Set in the rural south of the United States, a bereaved war widow learns to to put aside her bitterness and grief as she grows to love a young orphan boy and the dog that belonged to her ... See full summary »
Claude Jarman Jr.
Louisa May Alcott's autobiographical account of her life with her three sisters in Concord Mass in the 1860s. With their father fighting in the civil war, the sisters: Jo, Meg, Amy and Beth... See full summary »
Bill's separated from his litter, making friends with the wild creatures until he's found and adopted by young Kathie. An accident separates him from her, and he's drafted into K-9 duty in ... See full summary »
Scotland 1865. An old shepherd and his little Skye terrier go to Edinburgh. But when the shepherd dies of pneumonia, the dog remains faithful to his master, refuses to be adopted by anyone,... See full summary »
Karen Cabot moves back to her old hometown, Hudson Falls, VT, with her son Timmy. There she runs a veterinary clinic. Timmy, her son, finds a dog, a collie. He names her Lassie, and they ... See full summary »
Hard times came for Carraclough family and they are forced to sell their dog to the rich Duke of Rudling. However, Lassie, the dog, is unwilling to leave the young Carraclough boy and sets out on the long and dangerous journey in order to rejoin him. Written by
Dragan Antulov <firstname.lastname@example.org>
Elizabeth Taylor replaced Maria Flynn for the role of Priscilla. Some sources say Flynn was afraid of the dog on the set. Others say that she grew taller than Roddy McDowall or that the strong Technicolor lighting caused her eyes to water. In any case, production was halted. The producer was walking the 600 block of North Foothill Road in Beverly Hills doing his nightly patrol as an air raid warden when he met Francis Taylor, who patrolled the 700 block. Knowing he and Sara wanted to get their daughter into the movies, he asked him to bring Elizabeth to the studio. There she was introduced to Lassie and the production resumed. See more »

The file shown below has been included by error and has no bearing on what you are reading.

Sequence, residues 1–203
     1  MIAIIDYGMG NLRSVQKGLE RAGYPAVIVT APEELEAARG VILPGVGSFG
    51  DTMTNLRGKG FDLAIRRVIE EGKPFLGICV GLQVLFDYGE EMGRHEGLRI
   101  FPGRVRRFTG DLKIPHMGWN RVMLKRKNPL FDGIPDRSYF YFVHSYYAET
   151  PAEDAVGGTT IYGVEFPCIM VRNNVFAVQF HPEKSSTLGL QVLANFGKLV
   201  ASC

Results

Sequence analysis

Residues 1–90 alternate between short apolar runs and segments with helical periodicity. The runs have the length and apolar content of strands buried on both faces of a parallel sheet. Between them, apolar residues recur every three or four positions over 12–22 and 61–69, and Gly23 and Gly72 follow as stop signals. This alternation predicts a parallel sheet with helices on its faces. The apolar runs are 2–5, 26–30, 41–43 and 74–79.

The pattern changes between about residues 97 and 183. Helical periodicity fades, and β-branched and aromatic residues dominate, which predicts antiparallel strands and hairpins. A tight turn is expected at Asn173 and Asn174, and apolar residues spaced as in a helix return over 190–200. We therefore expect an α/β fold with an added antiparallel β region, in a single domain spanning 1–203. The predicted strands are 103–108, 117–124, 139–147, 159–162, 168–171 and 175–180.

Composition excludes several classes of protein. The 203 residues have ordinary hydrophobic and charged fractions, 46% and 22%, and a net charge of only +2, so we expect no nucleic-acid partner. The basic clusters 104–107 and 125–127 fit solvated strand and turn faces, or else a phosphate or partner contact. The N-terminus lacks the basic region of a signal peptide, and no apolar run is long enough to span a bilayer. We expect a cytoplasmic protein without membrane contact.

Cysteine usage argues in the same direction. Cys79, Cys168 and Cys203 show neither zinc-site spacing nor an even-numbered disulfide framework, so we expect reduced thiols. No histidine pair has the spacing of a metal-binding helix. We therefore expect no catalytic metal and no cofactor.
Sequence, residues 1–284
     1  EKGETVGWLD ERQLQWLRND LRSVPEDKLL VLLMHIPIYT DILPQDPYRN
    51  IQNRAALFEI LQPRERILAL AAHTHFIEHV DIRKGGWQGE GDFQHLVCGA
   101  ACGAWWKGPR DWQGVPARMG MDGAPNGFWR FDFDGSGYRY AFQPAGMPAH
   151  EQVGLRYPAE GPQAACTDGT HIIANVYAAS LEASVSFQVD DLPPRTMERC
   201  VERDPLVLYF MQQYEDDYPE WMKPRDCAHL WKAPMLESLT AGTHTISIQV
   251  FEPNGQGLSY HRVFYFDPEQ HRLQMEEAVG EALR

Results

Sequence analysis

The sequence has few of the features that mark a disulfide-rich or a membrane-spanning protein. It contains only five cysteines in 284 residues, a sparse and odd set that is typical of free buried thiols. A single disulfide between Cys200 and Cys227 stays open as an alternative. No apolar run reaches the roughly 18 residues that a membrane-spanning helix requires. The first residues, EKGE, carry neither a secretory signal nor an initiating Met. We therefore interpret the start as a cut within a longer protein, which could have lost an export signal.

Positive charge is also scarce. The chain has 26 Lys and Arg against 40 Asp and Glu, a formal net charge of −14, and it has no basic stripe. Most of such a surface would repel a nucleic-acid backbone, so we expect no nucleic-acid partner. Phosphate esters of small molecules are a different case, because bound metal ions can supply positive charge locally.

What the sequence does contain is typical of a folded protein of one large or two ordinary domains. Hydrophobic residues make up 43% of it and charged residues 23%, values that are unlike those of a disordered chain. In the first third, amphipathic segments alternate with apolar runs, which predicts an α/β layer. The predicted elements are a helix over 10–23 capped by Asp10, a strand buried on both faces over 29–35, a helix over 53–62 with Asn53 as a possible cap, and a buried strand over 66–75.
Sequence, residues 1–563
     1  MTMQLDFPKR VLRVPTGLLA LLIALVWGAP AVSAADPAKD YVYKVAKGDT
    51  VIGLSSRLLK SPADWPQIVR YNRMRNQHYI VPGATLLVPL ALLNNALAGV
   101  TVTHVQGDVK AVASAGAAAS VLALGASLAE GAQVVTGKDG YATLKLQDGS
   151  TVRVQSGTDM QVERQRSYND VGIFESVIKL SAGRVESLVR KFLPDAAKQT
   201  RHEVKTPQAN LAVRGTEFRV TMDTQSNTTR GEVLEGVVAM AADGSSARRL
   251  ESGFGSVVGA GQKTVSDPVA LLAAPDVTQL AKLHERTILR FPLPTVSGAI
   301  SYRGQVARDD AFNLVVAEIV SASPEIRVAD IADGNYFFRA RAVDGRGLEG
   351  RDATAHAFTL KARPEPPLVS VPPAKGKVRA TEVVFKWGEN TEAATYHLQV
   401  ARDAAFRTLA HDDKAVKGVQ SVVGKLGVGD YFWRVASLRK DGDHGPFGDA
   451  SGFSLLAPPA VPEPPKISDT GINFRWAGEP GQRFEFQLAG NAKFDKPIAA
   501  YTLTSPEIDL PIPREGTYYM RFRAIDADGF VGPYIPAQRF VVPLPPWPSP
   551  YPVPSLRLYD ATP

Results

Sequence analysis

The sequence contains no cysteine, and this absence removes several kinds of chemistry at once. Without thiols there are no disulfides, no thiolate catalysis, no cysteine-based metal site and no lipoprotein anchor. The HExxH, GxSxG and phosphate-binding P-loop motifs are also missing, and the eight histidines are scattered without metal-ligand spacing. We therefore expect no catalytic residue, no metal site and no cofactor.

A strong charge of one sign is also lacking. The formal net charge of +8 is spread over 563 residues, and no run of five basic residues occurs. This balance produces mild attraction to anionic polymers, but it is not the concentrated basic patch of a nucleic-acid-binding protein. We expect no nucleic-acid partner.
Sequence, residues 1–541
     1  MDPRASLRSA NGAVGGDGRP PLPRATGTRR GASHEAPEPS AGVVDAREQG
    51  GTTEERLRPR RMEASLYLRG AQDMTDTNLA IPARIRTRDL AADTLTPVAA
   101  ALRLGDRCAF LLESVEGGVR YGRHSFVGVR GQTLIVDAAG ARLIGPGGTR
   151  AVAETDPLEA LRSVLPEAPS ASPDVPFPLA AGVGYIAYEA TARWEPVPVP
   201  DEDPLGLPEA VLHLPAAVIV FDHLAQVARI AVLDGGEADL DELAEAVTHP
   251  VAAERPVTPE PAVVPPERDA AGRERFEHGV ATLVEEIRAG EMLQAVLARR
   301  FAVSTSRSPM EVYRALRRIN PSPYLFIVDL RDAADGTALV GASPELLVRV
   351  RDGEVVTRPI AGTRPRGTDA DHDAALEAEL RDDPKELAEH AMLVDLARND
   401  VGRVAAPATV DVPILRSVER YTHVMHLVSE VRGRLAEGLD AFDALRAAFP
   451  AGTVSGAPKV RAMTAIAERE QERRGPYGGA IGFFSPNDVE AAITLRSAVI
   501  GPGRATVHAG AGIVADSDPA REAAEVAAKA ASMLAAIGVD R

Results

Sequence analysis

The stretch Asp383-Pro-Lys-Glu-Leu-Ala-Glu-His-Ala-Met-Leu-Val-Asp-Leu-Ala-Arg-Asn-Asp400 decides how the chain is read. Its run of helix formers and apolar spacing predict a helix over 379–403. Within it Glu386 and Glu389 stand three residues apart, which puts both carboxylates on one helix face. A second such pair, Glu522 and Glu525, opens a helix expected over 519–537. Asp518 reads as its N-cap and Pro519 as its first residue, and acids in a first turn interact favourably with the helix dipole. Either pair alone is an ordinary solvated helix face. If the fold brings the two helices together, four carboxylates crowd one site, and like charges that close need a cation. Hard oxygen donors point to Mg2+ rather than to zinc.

When Lassie decides to leave the elderly couple, the man opens and closes the gate for her to leave. The camera angle then changes to show the gate still open, and then the camera returns to the original angle to show the gate closed again. See more »
I was expecting to hate this film. After all it's a kids film (I'm 37). I was surprised at how much I enjoyed it! It's one of those few films that works for both adults and children. It's in color (which was rare in the early 1940s), has a simple story and never becomes too sentimental or childish. It's particularly fun seeing Elizabeth Taylor and Roddy McDowall as children; Elsa Lancaster as roddy's mother(!!!); and Nigel Bruce NOT playing Doctor Watson for once and actually proving he could be gruff and aggressive in a performance. Best of all though, is Lassie. I don't know how they did it, but the dog (actually a male dog named Pal) gives in an astonishing performance. Just the expressions on her(his) face tells you what she(he) is thinking! Also has a great ending that is very moving (in a good way). Very well woth seeing. Only complaint--the color in this film is so washed out! Why doesn't someone restore it?
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